Facing Up to a Hard Question: “What If the Kids Don’t Want Our Church?”

D6797 Joanne Whitt

What will happen to all our stuff when the time comes that we need to downsize, move into assisted living – or die?  Derek Penwell, author, activist and pastor at a mainline church in Louisville, Kentucky, points out in a recent Huffington Post article that our kids may not want all those precious family heirlooms, like Grandma’s china or Grandpa’s golf clubs.  Not to mention the furniture and other piles of stuff that we worked so hard to acquire.  It doesn’t suit their taste.  It doesn’t fit their lifestyle.  It will end up in a garage sale or perhaps at the Goodwill.

And then he raises the painful and provocative question: “What if the kids don’t want our church?”

Dr. Penwell concludes: “In fact, in many ways, these [younger] generations increasingly think the church has been running toward the wrong finish line for years – concerned as it seems to have been not with figuring out how more faithfully to live like the Jesus of the Gospels, but in acquiring bigger and better stuff to hand down to a generation that doesn’t particularly want to inherit it.”

“You could try to convince the emerging generations that they ought to value the tools you’ve always used, that they should want to take care of them, that they’re going to need them someday, that they should want to pass them down to their children.”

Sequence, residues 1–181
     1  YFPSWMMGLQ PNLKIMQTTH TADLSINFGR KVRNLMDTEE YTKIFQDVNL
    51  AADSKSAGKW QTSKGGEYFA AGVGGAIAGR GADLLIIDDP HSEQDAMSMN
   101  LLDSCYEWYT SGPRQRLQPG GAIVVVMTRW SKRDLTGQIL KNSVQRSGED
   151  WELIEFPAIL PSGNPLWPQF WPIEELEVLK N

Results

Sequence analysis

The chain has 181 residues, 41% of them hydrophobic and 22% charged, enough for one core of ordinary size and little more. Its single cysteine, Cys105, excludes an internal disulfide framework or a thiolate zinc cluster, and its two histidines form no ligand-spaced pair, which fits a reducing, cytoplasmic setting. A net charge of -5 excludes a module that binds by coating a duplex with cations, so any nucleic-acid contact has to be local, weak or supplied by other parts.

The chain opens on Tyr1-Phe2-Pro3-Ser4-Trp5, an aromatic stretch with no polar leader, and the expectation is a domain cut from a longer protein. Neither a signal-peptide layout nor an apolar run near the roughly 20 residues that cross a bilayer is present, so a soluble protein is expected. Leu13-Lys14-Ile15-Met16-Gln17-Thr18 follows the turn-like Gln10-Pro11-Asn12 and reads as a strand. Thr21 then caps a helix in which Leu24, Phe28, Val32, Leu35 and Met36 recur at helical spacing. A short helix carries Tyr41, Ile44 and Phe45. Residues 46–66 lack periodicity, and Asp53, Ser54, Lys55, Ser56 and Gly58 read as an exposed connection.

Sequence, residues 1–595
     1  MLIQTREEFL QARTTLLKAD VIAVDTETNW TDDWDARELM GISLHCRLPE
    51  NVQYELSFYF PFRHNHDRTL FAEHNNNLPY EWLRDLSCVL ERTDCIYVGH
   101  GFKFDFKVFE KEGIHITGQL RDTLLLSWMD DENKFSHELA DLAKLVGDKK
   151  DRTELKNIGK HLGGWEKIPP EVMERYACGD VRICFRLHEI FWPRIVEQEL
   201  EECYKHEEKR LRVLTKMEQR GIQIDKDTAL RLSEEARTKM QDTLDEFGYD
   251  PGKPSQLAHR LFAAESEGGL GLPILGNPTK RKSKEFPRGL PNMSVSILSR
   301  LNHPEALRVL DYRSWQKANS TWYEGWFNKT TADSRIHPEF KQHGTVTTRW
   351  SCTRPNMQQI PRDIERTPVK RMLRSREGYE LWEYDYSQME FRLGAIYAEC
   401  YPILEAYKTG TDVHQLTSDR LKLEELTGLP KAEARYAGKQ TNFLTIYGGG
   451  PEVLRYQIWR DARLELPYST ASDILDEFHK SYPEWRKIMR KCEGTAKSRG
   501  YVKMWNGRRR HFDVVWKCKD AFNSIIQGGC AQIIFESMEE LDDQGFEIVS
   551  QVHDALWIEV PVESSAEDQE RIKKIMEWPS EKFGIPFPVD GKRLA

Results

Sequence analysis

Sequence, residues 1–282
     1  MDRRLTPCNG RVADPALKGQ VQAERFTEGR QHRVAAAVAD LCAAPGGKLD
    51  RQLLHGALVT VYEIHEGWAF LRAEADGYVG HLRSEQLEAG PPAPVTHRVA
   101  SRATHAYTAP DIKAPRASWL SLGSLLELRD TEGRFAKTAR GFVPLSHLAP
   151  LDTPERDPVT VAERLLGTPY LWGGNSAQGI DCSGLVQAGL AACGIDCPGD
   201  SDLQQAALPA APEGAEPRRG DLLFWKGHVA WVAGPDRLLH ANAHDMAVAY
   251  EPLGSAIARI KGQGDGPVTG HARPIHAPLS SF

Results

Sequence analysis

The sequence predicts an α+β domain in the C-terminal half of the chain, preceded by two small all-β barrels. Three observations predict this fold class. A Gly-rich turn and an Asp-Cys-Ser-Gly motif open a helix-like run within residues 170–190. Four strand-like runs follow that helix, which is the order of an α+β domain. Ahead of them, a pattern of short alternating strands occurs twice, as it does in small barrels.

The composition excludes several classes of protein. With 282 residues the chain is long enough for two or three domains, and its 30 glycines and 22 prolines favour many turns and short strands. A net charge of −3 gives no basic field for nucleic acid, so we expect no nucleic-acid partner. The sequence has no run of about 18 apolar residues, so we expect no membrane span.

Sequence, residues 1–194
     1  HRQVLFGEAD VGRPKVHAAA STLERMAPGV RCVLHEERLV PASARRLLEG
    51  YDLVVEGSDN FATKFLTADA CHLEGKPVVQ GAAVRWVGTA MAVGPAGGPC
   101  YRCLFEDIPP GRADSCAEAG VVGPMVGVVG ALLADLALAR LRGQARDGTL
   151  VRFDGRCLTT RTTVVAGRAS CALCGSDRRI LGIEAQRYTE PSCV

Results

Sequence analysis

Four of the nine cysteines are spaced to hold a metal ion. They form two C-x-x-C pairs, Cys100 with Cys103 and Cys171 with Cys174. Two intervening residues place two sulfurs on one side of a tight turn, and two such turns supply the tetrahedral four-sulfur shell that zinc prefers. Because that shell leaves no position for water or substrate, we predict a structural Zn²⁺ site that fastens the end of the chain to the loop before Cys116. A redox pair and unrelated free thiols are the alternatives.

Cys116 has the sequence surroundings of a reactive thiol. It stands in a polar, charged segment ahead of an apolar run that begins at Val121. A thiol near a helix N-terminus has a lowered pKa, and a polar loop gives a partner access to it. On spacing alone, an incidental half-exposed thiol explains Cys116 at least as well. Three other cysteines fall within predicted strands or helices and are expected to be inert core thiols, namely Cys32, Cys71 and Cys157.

“Or, you could complain about the fact that these kids just don’t appreciate what you’ve done for them.”

“Or, you could suck it up and bless them on their next wild adventure.”

Food for thought with the clear ring of truth.  Except for that part about not trying to figure out how more faithfully to live as Christ’s disciples.  That is exactly what we strive to do at First Presbyterian Church.  No one does it perfectly, but it is our goal.

So, given that, what is God calling us – our congregation – to do?  Certainly, to let the world know in whatever way we can that in fact we are striving to live the Gospel faithfully, which, to us, means loving our neighbors, “neighbors” defined as everyone regardless of any human condition, and “love” defined as taking action (not just having warm and fuzzy thoughts) to be good stewards of God’s earth and to work for justice and peace.

But also, perhaps we are being called to continue to treasure the gift that church is to us, the gift it is right now to so many people, at the same time that we let go of fears for its future.

How do we do the work that God is calling us to do within the body of Christ, at the same time that we bless younger generations in their next wild adventure?  What does that look like “in real life?”

You can read the article yourself by clicking on this link: “What If the Kids Don’t Want Our Church?”


  1. Virginia

    Wed 20th Mar 2013 at 6:28 pm

    Maybe join them on their wild adventure (and no back seat driving)? It’s a great question and one that we will be wrestling with for some time, and even then, will continue till the question is owned by the so-called emerging generation.

  2. Jerry Collell

    Wed 24th Apr 2013 at 11:27 pm

    You’re touching on my probable Doctoral question: Alternative church experiences in the “None Zone–” What comes after “Contemporary Worship?” Even the term “Contemporary Worship” is archaic… Where will we mainline denominations meet the next generations?


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